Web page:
“A beautiful and often heartbreaking book, one of the most important conservation works I’ve read in recent years. . . . It brings the past alive, and uses that past to chart a better course for the future. And more: like the best books, Running Silver helps us see our world in fresh, unexpected ways.”
—The Nature Conservancy, Cool Green Science (review)
That one could “walk drishod on the backs” of schools of salmon, shad, and other fishes moving up Atlantic coast rivers was a not uncommon kind of description of their migratory runs during early Colonial times. Accounts tell of awe-inspiring numbers of spawners pushing their way upriver, the waters “running silver,” to complete life cycles that once replenished marine fisheries along the Eastern Seaboard. Over the centuries these stocks were so stressed that virtually all are now severely depressed—in many of these rivers their numbers have been reduced 90 to 98 percent from their historical peaks, becoming distant memories or even forgotten. Lyons Press is proud to announce the release of RUNNING SILVER: Restoring Atlantic Rivers and Their Great Fish Migrations, by John Waldman (October 15, 2013, 978-0-7627-8059-4; $26.95 hardcover), an important and fascinating look at the fish whose history, life-cycles and conservation challenges are so poorly understood.
Using Henry David Thoreau’s prescient observations on New England rivers as guideposts, and drawing on the author’s thirty-year career as a scientist and educator, this book tells the story of the past, present and future of these sea-river fish through research, historical accounts, personal anecdotes, interviews, and images. RUNNING SILVER details the enormous legacy that has already been lost and will inspire efforts to save and restore what remains:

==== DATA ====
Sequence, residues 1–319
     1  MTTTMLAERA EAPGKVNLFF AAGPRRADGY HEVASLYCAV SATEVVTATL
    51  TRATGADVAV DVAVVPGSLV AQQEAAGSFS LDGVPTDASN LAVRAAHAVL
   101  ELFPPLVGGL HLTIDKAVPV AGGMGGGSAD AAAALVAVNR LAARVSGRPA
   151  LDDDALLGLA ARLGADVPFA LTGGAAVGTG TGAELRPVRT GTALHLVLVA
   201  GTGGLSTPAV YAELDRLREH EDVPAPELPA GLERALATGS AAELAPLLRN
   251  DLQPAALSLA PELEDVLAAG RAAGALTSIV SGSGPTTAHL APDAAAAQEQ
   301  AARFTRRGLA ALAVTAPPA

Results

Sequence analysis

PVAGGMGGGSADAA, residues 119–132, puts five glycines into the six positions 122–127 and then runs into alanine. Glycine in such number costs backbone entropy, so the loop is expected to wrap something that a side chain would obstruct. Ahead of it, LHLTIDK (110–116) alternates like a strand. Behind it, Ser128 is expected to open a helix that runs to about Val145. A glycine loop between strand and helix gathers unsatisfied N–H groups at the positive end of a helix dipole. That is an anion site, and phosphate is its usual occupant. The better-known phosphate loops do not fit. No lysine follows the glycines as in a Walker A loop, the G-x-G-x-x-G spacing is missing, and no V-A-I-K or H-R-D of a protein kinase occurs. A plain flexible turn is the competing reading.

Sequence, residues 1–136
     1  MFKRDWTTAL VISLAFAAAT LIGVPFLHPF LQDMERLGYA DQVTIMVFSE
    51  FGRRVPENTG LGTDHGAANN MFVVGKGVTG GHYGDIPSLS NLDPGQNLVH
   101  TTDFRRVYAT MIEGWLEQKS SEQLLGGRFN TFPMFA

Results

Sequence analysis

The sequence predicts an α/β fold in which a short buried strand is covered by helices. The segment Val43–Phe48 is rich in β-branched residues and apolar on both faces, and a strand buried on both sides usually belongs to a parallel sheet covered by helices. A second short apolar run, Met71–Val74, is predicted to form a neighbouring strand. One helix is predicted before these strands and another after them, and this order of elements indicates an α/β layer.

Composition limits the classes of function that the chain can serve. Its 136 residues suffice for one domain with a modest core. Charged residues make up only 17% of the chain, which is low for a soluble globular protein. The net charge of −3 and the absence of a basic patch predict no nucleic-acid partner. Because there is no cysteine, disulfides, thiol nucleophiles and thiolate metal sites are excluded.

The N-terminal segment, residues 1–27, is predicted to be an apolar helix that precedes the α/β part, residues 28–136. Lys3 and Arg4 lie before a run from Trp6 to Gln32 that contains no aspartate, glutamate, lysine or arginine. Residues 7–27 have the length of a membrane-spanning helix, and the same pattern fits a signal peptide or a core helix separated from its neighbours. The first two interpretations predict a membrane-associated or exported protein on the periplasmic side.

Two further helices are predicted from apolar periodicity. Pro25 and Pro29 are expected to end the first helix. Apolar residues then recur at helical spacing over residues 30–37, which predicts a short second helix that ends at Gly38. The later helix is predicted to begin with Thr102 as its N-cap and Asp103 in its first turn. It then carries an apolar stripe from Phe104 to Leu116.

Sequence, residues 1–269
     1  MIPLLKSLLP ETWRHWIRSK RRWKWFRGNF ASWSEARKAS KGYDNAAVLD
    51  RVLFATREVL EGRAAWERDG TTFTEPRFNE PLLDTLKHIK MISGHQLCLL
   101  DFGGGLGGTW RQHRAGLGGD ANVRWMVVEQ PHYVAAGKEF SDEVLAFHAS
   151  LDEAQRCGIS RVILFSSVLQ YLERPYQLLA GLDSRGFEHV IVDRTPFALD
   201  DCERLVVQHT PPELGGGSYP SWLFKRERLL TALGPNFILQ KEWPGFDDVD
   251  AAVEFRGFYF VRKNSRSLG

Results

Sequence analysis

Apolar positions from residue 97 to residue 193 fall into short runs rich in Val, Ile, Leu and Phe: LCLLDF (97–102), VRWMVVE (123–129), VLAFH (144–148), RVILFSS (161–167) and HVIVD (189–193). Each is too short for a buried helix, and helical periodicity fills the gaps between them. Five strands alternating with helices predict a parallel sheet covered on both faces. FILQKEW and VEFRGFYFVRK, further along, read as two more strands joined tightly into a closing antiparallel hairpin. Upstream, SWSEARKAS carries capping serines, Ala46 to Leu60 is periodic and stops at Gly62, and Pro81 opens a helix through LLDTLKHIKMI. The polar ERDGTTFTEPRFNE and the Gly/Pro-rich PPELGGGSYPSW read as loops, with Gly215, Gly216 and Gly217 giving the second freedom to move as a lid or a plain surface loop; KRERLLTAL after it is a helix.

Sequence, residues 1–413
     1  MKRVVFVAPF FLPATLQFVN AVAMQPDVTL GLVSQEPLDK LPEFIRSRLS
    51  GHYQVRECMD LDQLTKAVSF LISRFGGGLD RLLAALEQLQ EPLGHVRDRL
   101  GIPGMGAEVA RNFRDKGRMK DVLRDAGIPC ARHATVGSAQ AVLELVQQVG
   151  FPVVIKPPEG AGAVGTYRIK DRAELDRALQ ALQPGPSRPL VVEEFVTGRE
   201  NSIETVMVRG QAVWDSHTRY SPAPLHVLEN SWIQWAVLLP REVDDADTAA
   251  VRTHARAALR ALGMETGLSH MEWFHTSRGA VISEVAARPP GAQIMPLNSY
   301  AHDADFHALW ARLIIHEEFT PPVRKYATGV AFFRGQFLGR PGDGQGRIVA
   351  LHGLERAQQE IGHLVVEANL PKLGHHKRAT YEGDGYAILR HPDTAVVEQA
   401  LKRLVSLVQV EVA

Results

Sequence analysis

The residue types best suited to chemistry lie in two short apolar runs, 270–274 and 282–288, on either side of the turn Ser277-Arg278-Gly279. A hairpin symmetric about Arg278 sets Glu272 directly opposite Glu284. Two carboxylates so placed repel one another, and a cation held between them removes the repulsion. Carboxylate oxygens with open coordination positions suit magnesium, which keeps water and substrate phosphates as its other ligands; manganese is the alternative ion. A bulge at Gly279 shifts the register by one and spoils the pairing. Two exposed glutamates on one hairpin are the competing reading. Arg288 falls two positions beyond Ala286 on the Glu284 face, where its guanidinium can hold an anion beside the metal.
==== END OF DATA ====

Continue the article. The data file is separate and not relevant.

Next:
- Though hardly noted since then, Henry David Thoreau predicted these great declines in the 1830s in his A Week on the Concord and Merrimack Rivers.
- Truly large specimens of these fish are becoming increasingly scarce and future conditions indicate the days of ‘river giants” are past.
- The litany of causes for these declines is onerous: overfishing, habitat destruction, water pollution, invasive species that compete or prey on migratory fish, and climate change. But no single factor has caused as much harm as damming rivers. Recent projects in Maine and elsewhere along the Eastern Seaboard show that removals of large hydropower dams are possible and lead to rapid increases in numbers of migratory fish—precedents that should help fuel the growing national dam removal movement.
John Waldman is a professor at the City University of New York and a leading voice in aquatic conservation biology. In 2012, he was recipient of the Marine Conservation Biology Award from the Wildlife Conservation Society. He is the author of the award-winning Heartbeats in the Muck: The History, Seat Life, and Environment of New York Harbor (Lyons Press), among other books. He lives with his wife and children, not too far from the water, in Sea Cliff, NY.